Finding a “comfortable” shoe has always proved to be a challenge. I’ve attempted cloth slip-ons, only to find that they make me feel like I’m walking directly on the earth. Cushy, cloudlike soles have the opposite effect: They make the experience of walking on normal city streets feel like traversing a bouncy castle.
I’ve known about Danskos for quite some time — they (along with their Italian counterpart, Calzuros) are the gold standard for comfortable shoes, widely endorsed by Vocational Standers: nurses and waiters. They’re firm (a positive —I believe, like with mattresses, the older you are, the firmer the shoe you should wear), roomy, and offer ample arch support. There was just one problem: I was not willing to commit to becoming a clog person. Perhaps it’s their aggressively orthotic silhouette. Or the the hard phonetic C and guttural G: klahhg. Who’s to say? Luckily, while scrolling through the Dansko site, I discovered something wonderful: The brand makes lace-ups. More specifically: It makes what is possibly the most neutral-looking lace-up I’ve ever seen in my life.
The appearance of these lace-ups is so mild, so inoffensive, they’re almost like shoe tofu — they have the ability to take on the style of whatever you wear them with (I will say that the derby top and the sporty sole does have a certain Prada energy). More important: Because of the hefty, cloglike sole, they absorb impact easily without making you feel like you’re squishing around when you’re walking in them. You could be standing on marbles and be none the wiser.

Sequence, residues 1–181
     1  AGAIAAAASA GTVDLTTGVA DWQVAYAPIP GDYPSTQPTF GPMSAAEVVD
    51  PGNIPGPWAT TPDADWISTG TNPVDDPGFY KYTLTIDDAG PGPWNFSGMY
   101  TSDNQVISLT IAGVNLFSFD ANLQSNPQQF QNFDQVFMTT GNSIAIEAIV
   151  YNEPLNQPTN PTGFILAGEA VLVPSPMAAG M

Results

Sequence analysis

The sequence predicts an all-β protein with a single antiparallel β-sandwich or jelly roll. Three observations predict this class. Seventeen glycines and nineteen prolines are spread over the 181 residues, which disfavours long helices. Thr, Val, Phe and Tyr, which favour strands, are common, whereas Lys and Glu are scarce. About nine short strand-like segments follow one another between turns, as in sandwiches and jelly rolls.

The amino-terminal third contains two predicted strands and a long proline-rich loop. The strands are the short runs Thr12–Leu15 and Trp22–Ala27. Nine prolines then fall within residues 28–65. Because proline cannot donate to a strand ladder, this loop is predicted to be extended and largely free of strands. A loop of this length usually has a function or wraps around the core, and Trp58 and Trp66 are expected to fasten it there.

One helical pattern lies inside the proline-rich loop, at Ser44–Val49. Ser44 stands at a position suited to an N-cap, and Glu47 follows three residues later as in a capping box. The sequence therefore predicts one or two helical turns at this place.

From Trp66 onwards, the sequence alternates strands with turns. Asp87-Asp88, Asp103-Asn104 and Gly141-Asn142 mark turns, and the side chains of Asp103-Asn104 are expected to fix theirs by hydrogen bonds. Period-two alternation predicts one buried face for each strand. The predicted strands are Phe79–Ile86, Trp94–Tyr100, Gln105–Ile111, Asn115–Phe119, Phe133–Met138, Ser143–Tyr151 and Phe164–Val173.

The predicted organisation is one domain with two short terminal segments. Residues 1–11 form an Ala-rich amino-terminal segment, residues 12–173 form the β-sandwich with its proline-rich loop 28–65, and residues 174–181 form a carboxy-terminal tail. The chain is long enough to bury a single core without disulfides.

The best part, though, is the height of the toe, something I previously never even knew I wanted in a shoe. Generally, shoes come to a sort of tight, sloping, almond-shaped point in the front, which jams your toes miserably together. These lace-ups, conversely, are spacious in the front, which allows you to wiggle your toes around as if you’re barefoot.
My first day wearing them in public, I paired them with a baggy blazer and cuffed jeans. The look felt almost Old Celine; the feel was deeply comfortable. I showed them to my co-worker and asked if they were ugly. She responded with the highest compliment a person can receive in 2019: “They’re fashion ugly.” Success.
And Another Pair of Strategist-Approved Oxfords, Courtesy of Columnist Chris Black
Almost every time he wears these Dr. Martens 1461 Mono derbys, people think they are Pradas, says our resident cool guy, Chris Black. Which is not why he bought them initially. “I chose these,” he says, “because they are far more subtle than a lot of other Dr. Martens shoes that feature yellow stitching and the brand’s logo (details that, to me, make Docs too quickly identifiable). The Mono derbys have neither of those things; instead, they’re far more subtle, combining muted, tonal stitching and the classic three-eye upper of most derbys.”
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